On the 50th anniversary of the film Mary Poppins, we flew back 100 years to celebrate how simple techniques evolved into modern animation.
It didn’t take long for early filmmakers to bring fantasy to life by combining live action and animation into a single frame. In the early 20th century, animation was usually produced with cels, which are transparent sheets you can draw and paint upon, or by animating copies of stills from live action and combining those with original stills.
Here’s an animated cel from Mary Poppins during the Supercalifragilisticexpialidocious scene:
See those guys in the back (14 seconds into this video)? That’s them:
You Ought To Be In Pictures (1940) is credited as being the inspiration for what is, arguably, the most popular film of the genre, Who Framed Roger Rabbit (1988) (note: the Out of the Inkwell series is credited as the “first” live action film, in 1918).
Porky Pig wants to get out of his animation contract and make it big in Hollywood…
…but Porky doesn’t have much luck. There’s even a car chase scene in Hollywood that may remind you of the 1940s-genre settings in Roger Rabbit:
Films with Hollywood stars began to regularly incorporate live action and animation into scenes in the 1940s, until it became an entire film-length production style in and of itself. Cel animation eventually fell out of popularity, giving way to newer techniques of 3D animation such as CGI. But the fantasy of the imaginary interacting with reality still lives on in popular films like Avatar.
Here are three other classic American live action and animation films we’ll never forget:
Bedknobs and Broomsticks (1971)
Bedknobs and Broomsticks takes place during the Second World War in England. Angela Lansbury plays Eglantine Price, an apprentice witch who takes in three children during the Blitz. Along with a conman played by David Tomlinson, the four use an enchanted bedknob (and bed) to travel.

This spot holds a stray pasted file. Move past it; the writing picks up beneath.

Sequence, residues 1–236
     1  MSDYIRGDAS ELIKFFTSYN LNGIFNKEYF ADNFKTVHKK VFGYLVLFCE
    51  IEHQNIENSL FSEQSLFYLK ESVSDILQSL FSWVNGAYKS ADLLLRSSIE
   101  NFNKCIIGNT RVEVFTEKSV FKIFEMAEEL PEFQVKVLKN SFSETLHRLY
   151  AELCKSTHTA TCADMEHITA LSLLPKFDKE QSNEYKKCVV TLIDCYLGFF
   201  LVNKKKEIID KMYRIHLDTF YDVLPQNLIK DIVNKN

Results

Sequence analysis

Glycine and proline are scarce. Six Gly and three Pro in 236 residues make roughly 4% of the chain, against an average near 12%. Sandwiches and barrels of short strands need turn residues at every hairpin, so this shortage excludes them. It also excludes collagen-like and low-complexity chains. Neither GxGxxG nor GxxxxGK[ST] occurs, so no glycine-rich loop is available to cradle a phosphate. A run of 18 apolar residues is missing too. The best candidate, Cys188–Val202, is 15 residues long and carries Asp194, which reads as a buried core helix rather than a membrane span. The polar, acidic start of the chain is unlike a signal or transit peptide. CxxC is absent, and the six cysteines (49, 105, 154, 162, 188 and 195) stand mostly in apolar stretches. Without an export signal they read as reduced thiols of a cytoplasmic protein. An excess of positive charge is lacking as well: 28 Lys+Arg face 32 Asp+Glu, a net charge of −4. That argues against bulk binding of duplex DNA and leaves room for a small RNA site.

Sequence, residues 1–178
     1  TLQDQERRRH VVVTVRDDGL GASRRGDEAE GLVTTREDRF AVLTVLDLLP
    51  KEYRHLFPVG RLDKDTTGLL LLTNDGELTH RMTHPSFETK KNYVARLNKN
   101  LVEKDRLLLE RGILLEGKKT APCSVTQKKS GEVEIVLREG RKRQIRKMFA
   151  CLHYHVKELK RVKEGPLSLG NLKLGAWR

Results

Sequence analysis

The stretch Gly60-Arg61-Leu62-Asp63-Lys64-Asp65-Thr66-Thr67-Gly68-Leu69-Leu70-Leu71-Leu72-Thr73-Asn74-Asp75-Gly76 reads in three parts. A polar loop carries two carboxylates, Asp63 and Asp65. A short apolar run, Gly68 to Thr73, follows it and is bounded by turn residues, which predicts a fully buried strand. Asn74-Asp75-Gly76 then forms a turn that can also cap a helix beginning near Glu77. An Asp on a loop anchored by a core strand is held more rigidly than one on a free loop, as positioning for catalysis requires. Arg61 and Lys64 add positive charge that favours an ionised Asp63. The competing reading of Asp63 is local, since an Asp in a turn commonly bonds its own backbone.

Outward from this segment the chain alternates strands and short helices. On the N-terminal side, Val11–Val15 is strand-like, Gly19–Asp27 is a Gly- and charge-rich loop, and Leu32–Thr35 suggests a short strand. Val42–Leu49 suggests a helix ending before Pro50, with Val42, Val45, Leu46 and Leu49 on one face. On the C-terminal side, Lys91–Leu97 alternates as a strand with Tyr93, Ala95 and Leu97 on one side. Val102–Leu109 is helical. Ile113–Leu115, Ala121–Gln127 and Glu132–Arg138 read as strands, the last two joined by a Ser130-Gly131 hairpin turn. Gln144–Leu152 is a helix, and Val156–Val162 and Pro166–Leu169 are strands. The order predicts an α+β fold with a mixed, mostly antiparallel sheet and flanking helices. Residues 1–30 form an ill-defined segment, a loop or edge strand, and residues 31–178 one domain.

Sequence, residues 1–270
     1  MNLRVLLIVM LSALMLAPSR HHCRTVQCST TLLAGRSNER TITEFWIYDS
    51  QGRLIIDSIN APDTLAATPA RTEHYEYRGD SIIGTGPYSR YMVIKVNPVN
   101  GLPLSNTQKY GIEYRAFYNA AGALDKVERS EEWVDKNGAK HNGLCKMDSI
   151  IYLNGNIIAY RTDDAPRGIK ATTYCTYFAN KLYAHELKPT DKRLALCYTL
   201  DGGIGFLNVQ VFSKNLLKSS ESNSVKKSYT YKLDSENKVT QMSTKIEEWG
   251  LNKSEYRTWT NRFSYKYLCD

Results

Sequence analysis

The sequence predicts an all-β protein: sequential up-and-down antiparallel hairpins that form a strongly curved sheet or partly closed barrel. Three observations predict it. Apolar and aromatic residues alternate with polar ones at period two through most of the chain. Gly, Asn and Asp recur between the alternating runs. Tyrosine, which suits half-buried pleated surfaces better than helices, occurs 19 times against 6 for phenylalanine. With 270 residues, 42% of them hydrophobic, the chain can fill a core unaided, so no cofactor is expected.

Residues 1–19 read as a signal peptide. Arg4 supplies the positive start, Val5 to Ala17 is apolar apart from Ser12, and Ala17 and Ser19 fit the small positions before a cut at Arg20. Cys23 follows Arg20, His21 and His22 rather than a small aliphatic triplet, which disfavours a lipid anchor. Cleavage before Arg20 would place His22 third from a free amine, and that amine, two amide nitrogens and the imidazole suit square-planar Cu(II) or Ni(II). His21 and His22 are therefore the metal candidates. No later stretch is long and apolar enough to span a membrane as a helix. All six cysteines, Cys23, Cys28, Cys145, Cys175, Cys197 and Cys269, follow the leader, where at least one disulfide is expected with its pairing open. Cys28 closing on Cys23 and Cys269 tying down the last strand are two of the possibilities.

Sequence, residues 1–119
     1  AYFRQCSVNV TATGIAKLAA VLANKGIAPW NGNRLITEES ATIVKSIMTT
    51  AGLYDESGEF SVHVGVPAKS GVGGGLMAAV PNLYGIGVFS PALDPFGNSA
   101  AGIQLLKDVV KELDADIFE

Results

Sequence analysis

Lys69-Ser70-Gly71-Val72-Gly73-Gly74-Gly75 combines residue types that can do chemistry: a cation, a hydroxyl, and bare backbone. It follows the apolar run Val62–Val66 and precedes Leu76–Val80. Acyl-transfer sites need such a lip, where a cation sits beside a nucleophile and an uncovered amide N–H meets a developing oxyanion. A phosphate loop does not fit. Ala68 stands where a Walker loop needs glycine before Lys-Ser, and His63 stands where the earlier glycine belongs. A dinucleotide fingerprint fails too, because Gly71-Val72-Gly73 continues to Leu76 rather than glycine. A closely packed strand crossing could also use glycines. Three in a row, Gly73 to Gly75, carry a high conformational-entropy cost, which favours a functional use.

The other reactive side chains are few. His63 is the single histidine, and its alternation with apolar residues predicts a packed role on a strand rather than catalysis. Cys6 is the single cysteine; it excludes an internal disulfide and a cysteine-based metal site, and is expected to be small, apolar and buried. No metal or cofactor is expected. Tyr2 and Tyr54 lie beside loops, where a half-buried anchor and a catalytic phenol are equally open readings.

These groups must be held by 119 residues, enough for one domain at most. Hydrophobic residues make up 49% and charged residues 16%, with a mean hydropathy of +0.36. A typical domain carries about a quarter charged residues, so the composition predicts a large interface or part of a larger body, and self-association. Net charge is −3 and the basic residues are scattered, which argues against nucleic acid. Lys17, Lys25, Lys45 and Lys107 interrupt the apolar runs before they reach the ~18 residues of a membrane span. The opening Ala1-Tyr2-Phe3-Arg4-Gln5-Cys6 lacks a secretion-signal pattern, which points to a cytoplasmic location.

They go to underwater worlds and imaginary islands, inhabited by talking, amazing animals we want to meet in real life:
Who Framed Roger Rabbit (1988)
Bob Hoskins plays detective Eddie Valiant, in Who Framed Roger Rabbit, which contains all the tropes of the noir genre. For instance, Valliant hates toons because his brother was killed by one, but he agrees investigates the murder of a toon named Acme.
The film was made using cels and optical compositing, to spectacular effect:
Roger Rabbit is suspected of killing Acme, who was supposedly having an affair with his wife, the impossibly-proportioned Jessica Rabbit (who has inspired at least one human copycat):
The film’s villain, Judge Doom, wants to murder the toons using a lethal dip comprised of turpentine, benzene and acetone, chemicals that are used to erase animation from cels. Art imitating life, indeed.
Soon after, the use of cel animation almost entirely disappeared from feature filmmaking. Did Judge Doom accomplish his evil goal of destroying the toons after all? Not exactly.
Space Jam, 1996
Then came the huge shift in how live action/animation films were made, as Janet Maslin noted in the New York Times, due to the rise of 3D animation.
Space Jam stars Michael Jordan and Bugs Bunny, among others, and is a classic sports story:
The Looney Tunes challenged their alien captors to a basketball game to win their freedom. They enter the game as the underdog, and emerge as victors. And lovers?
The one conclusion we can draw from a century of combining fantasy and reality on the big screen? Live action animation makes our world seem so much bigger, and new possibilities more possible.
You’re welcome to Earth anytime, toons.
Written and edited by Margarita Noriega and Danielle Wiener-Bronner. Image credits: stills of aforementioned films.